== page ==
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Change in Live/Work Definition Moves Forward

By Eric Richardson
Published: Wednesday, August 05, 2009, at 12:56PM
Rowan Auction Eric Richardson [Flickr]

A kitchen inside the Rowan Lofts, which developer Downtown Properties hopes will soon be eligible for FHA insured loans.

A small change in the definition of live/work units that could have a big impact for Downtown's real estate sales moved one step closer on Tuesday as the City Council's Planning committee instructed the City Attorney's office to prepare the ordinance.

Supporters say that redefining live/work as primarily residential will bring the ordinance more in line with how the units are actually being used, and will promote home ownership by allowing buyers to access highly-attractive federally insured loans.

Michael Cohn of Bank of America Home Loans urged the committee to move quickly. "There is a certain point of urgency here," he told the committee. "That is, there are a couple of loft projects that are going on right now that are opening up for sale that are going to be wanting to close escrows in the next 30 to 45 days. These guys are dangling on a vine right now."

Councilman Ed Reyes, chair of the Planning committee, shared that he had received emails from artists concerned that the change would affect their ability to work. Reyes asked that a meeting be set up with the arts community before the item goes to Council.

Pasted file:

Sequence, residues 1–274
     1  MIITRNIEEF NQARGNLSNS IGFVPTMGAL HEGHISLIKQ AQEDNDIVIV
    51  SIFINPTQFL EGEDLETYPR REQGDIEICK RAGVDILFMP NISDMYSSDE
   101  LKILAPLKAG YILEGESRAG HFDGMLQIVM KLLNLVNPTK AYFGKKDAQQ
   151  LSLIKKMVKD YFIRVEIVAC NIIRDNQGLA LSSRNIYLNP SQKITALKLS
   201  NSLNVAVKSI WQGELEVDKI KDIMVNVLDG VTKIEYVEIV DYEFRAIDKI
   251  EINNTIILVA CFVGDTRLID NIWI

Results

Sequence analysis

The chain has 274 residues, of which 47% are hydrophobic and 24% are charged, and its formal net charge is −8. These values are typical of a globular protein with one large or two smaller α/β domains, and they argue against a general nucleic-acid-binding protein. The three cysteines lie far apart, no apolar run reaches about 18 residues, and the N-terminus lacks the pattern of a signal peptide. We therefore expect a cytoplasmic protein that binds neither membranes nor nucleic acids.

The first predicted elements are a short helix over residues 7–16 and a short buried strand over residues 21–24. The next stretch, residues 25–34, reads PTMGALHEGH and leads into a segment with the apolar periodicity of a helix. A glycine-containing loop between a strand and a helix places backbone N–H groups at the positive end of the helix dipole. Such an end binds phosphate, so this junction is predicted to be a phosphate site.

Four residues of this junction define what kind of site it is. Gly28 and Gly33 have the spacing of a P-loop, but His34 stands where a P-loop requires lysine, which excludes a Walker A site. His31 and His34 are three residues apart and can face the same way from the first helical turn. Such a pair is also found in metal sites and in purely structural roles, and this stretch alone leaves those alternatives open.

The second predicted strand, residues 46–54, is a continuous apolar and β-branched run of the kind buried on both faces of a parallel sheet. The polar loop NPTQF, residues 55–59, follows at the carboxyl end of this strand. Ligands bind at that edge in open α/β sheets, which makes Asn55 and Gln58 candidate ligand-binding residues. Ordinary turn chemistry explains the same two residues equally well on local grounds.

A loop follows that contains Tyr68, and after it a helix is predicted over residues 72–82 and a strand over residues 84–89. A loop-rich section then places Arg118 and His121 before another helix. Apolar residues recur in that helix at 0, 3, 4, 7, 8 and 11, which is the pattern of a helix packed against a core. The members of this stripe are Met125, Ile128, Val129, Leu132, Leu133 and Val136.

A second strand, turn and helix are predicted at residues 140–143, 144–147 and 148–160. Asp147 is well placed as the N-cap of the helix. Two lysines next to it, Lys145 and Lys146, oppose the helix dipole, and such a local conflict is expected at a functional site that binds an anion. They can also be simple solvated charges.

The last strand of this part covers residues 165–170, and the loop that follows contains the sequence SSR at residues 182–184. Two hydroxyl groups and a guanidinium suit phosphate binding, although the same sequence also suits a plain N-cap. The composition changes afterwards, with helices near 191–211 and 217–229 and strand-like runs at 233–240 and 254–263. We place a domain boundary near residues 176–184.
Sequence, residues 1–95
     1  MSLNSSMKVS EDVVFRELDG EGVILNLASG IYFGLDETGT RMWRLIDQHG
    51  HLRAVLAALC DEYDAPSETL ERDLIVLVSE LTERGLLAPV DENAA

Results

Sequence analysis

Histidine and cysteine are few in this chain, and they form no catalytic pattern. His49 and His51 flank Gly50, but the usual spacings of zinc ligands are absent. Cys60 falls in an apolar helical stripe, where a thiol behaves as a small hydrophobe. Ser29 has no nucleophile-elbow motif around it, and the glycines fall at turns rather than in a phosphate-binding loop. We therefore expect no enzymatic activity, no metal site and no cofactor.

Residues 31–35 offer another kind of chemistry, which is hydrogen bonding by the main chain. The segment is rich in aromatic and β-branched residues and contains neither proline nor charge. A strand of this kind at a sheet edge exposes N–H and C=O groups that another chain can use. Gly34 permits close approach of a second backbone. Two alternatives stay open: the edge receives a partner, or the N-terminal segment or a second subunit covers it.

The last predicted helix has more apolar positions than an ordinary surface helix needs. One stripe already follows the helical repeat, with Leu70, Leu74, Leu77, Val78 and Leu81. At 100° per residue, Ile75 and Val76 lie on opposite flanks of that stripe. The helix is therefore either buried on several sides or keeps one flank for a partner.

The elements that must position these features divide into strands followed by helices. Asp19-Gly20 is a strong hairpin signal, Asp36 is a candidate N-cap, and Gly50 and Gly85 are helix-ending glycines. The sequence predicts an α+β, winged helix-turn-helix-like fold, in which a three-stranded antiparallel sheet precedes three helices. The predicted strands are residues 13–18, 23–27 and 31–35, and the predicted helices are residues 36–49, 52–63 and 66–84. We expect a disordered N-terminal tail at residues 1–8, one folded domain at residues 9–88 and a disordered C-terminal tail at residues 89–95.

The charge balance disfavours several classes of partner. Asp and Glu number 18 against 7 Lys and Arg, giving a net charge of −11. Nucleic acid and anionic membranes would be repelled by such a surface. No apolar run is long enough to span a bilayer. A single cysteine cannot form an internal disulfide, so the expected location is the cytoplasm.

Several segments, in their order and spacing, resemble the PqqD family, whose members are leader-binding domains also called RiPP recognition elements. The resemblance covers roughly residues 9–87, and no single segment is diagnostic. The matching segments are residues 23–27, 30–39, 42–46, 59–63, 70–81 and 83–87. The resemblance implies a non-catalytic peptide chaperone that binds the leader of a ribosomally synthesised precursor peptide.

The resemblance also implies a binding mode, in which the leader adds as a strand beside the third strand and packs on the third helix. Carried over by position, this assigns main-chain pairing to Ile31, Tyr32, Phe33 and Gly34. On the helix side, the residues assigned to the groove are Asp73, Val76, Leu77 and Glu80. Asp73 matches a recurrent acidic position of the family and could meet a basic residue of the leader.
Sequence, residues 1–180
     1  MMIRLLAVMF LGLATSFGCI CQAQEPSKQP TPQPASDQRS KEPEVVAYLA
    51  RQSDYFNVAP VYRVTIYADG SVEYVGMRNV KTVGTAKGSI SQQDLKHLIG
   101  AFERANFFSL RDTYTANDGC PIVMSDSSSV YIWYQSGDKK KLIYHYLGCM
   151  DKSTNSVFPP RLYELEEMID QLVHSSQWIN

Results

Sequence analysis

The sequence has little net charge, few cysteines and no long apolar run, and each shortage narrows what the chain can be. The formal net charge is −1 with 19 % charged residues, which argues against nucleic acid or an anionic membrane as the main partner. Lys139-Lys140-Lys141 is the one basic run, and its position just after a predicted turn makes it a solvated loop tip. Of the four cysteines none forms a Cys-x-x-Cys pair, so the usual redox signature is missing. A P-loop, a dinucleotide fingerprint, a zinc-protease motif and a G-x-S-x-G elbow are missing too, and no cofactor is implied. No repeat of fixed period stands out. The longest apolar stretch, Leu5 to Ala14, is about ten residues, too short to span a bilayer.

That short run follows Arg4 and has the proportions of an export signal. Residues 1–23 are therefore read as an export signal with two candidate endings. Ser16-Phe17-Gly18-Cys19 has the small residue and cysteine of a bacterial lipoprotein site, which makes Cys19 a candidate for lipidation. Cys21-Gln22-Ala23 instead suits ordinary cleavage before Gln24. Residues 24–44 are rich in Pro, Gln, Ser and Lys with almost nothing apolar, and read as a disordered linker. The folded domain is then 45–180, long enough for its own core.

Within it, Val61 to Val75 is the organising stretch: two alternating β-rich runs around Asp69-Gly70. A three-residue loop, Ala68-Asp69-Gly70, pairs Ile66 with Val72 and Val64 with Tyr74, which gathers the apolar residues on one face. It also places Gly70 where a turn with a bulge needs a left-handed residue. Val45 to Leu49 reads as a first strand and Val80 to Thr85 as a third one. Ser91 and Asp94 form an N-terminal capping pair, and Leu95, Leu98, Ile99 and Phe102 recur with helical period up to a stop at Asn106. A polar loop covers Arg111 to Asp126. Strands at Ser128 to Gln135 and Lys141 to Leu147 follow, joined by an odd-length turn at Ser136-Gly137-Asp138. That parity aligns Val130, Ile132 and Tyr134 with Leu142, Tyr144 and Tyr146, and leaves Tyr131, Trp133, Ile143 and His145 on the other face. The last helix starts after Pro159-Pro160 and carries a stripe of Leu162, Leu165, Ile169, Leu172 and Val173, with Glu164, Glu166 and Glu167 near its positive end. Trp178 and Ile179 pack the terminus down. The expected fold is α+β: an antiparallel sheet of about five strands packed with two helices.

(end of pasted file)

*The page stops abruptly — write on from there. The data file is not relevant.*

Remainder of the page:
Shiraz Tangi, a land use attorney with Alston + Bird and chair of the Downtown Los Angeles Neighborhood Council's Planning committee, praised the city's effort on this project and the dividends it would pay.

"What the city is essentially doing is leveraging federal money to encourage economic activity in our city," said Tangri. "Given our economic crisis, I think the city really needs to look for these types of creative opportunities to partner with the private sector."

Where condo buyers were previously expected to put only three or four percent down, private loans today typically require 10 - 20% down payments.

"If you're buying a unit for $300,000, kind of our lowest-priced one bedroom unit, you've got to come up with $60,000 down, plus closing costs and everything else," Bill Stephenson of Downtown Properties explained to blogdowntown after City Planning Commission approved the item in July. "All of a sudden you need roughly $70,000, then you've got to move in, so you probably need roughly $80,000 in cash."

In contrast, FHA insured loans allow just a 3% down payment on loans up to $625,000. That means just $10,000 cash, a much more accessible sum.

The ordinance change must next go to City Attorney's office for final language before being sent to the full City Council. Once passed, existing buildings would need to resubmit building plans before falling under the new definition.


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